As part of the 60% design, the municipality considered adding outbound lanes on the whole stretch.

“Due to significant constraints between Armdale Roundabout and Purcells Cove Road, it was agreed to begin the outbound transit lane south of Purcells Cove Road,” the report says.

After Purcells Cove Road outbound, the consultant contemplated two options in the 60% design: an in-bound lane from Cowie Hill Road to the rotary with some transit-only traffic signals outbound (Option 1), or bus lanes in both directions from Purcells Cove Road to Glenora Avenue (Option 2).

Both options also include realigning intersections like Purcells Cove Road and the curve in the road at Osborne Street, and while there are no private vehicle lanes being added, both options require road-widening and land-purchasing.

The consultant, Crandall Engineering, settled on Option 1:

There is potential for significant travel time savings for inbound transit service on Herring Cove Road with the introduction of a continuous transit lane from Armdale Roundabout to Glenora Avenue;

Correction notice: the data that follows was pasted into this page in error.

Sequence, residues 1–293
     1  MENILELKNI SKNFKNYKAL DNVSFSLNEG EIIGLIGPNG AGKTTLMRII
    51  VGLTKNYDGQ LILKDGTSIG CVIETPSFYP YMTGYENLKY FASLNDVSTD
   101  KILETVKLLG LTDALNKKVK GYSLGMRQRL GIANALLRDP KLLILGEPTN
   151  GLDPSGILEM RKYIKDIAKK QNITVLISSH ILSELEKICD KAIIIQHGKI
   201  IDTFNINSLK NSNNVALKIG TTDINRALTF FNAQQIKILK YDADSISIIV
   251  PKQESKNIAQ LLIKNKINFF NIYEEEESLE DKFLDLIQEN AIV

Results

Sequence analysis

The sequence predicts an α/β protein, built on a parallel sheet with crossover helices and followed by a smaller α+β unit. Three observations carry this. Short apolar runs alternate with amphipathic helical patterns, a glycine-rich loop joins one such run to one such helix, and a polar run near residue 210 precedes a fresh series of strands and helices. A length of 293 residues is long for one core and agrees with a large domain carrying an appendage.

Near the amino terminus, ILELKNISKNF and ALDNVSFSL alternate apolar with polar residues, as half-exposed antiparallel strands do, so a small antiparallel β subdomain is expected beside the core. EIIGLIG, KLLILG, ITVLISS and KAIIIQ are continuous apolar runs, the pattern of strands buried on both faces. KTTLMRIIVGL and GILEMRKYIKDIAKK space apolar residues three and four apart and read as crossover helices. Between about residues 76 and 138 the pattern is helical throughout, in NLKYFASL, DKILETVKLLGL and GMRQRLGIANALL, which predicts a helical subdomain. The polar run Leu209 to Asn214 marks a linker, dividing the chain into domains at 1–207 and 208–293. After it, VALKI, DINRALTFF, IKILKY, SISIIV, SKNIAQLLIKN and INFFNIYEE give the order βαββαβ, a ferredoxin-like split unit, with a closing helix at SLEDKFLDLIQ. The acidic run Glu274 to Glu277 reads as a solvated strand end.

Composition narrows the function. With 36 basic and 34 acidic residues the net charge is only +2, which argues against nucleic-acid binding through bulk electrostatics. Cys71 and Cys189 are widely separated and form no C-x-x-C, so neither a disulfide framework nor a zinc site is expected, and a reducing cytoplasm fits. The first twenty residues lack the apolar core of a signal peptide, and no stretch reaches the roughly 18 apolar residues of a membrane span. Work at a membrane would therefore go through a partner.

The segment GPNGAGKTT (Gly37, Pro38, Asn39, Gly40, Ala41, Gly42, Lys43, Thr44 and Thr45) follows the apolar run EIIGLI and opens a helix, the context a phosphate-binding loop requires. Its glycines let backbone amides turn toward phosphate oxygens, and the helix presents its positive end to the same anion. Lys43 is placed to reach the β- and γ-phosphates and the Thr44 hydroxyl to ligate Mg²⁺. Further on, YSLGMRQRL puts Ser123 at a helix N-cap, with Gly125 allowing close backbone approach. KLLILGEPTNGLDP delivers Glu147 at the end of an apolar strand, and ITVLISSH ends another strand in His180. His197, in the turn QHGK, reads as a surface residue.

There is less potential for outbound transit travel time savings. Considering the higher costs and property impacts associated with Option 2, the benefit/cost of Option 2 is less than Option 1.

“I do feel that we need to move ahead on this,” Coun. Patty Cuttell said during the meeting.

“Herring Cove Road really needs some work done on it, throughout the whole thing, but particularly the from Glenora to the roundabout section.”

Cuttell noted that there will be more public consultation soon on the second phase of the project, from Glenora Avenue to the 500 block.